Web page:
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Collaborative Effort: Plans for New Homeless Shelter are in the Works

In addition to private bedrooms for homeless clients, the new shelter will include a small commercial kitchen and dining area as well as offices for Stepping Stones’ staff and community resource office for partner agency services.

By Barbara Lyon

It took a pandemic of unprecedented magnitude to demonstrate how easily the things we take for granted – a job, food on the table, a roof over our heads – can disappear. For example, it wasn’t long after the shutdown in March 2020 that Stepping Stones of Dunn County averaged more than 1,600 visits a month to its food pantry.

By the end of the year, Stepping Stones had also provided 6,300 nights of shelter to the homeless, a count set to exceed 9,000 during 2021. Some of the families have been housed in its two apartment-style shelters on South Broadway and Stout Road in Menomonie. The majority have been sheltered through local hotels, primarily funded through temporary COVID-relief grants. To address an ever-increasing need for housing for the homeless, however, hotel stays are a temporary solution that is both expensive and unsustainable.

Homelessness is not an individual issue. It has a ripple effect throughout Dunn County by impacting the availability of healthcare resources, crime and safety, workforce, and use of tax dollars. Stepping Stones works to alleviate this issue by empowering clients to regain, sustain, or create self‐reliance. “We aren’t meeting even half of the need, despite the increased level of service.” Executive Director of Stepping Stones, Padraig Gallagher said. “Stepping Stones is providing twice the number of shelter nights that the program typically did prior to the pandemic, but we have averaged 28 households on our waitlist in 2021”. The need is clear and Stepping Stones is working on a way to help meet it. Plans are in the works to construct a new shelter facility on the property that Stepping Stones owns at 1620 Stout Road.

The 5,800-square-foot facility will focus on housing homeless individual adults with accommodations for up to 20 clients in single-bed rooms. The design will minimize the risk associated with congregate living during pandemics. A laundry room and secure storage will also help with clients’ material needs. In addition to a small commercial kitchen and community dining area, there will be a community resource office for partner agency services, shelter staff offices and a main staff desk with visibility of all common areas.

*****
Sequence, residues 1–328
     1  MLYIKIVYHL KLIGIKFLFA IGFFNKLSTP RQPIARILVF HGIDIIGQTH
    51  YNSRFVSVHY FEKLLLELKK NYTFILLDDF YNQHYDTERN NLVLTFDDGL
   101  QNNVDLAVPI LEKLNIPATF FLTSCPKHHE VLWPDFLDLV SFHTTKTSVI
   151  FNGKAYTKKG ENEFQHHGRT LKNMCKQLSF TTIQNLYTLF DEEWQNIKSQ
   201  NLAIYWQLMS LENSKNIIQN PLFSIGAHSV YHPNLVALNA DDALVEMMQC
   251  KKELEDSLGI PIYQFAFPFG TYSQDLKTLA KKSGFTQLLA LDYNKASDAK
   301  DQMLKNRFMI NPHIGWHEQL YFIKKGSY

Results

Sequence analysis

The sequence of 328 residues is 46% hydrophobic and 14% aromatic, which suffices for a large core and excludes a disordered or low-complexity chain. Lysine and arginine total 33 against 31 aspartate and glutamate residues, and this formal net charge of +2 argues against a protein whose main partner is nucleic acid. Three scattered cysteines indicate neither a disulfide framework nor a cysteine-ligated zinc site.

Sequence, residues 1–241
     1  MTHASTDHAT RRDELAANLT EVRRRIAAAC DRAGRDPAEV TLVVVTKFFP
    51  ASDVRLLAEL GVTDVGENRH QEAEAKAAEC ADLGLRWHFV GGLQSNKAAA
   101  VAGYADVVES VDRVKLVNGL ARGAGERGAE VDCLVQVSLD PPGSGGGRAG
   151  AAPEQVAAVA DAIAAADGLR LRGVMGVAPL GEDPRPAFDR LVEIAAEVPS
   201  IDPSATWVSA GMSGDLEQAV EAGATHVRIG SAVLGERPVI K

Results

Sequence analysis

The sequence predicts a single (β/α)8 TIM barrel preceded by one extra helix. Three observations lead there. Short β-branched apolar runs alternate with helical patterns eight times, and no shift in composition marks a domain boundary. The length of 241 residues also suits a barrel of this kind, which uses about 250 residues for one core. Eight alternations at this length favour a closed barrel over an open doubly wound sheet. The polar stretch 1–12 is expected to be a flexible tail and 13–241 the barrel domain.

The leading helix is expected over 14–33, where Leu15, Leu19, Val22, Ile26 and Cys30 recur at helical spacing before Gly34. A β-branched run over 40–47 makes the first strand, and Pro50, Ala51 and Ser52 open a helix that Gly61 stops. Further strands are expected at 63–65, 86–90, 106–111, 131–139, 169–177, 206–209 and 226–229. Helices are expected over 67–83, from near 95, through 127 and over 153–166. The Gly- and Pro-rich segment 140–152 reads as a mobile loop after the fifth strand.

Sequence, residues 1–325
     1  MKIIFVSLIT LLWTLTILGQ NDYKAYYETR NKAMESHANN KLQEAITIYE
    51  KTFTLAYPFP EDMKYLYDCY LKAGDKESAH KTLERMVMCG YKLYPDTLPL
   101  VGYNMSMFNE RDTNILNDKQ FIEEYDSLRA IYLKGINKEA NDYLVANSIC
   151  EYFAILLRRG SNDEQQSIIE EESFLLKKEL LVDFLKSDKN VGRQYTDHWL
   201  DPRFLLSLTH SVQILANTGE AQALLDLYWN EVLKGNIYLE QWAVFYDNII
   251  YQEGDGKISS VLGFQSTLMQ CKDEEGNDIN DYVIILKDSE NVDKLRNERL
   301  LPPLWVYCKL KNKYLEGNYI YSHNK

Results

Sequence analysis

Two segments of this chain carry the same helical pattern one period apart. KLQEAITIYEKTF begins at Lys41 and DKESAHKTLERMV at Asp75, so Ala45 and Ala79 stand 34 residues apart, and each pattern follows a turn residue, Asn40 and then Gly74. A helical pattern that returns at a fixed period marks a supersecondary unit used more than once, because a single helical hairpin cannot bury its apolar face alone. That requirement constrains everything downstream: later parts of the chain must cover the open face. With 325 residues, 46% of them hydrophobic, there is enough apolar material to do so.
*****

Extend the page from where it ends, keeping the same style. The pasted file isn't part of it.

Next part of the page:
The total facility cost is estimated at just under $1.5 million. There are two very different possibilities to fund the project.

The first potential source of funding is a State of Wisconsin Neighborhood Investment Fund grant. On Nov. 1, The Menomonie City Council approved a partnership between the city and Stepping Stones to apply for this funding. Just ten days later, on Nov. 11, the city submitted the application for the grant. The grant award will be announced in January 2022 and, if approved, would cover the cost for the new shelter.

The second option for funding would only be pursued if the grant is not awarded for the project. It has, however, been in the works for months. Stepping Stones is working with Mark Davy & Associates of Minneapolis, Minn., to conduct a feasibility study for a capital campaign. Michael and Whitney Davy are currently reaching out to members of the community to determine the level of support for the project. “The feasibility study will be an instrumental first step in engaging the community in this project and providing a roadmap for future fundraising efforts.” Michael Davy said. “We look forward to receiving input from community leaders and potential donors on how to make this vision a reality.”

If a capital campaign to fund the shelter is needed, it would begin in early 2022 and likely span the majority of the year. If the grant is awarded, however, the site will be prepared for the new facility during the 2022 building season. “Either way, we want to have the shelter running for the 2023-24 winter.” Gallagher said. Aside from securing funding, several steps are needed to make the facility a reality. A building committee will finalize the design, permits will be applied for and the community will have a chance to provide feedback.

Then, and only then, shovels can hit dirt. “There are a lot of people working to make this happen” Gallagher said “Regardless of how we get there, this will be a facility for the community to use to take care of its own.”

Barbara Lyon is the communications specialist for Stepping Stones of Dunn County. She can be reached at or 715-235-2920, ext. 206.


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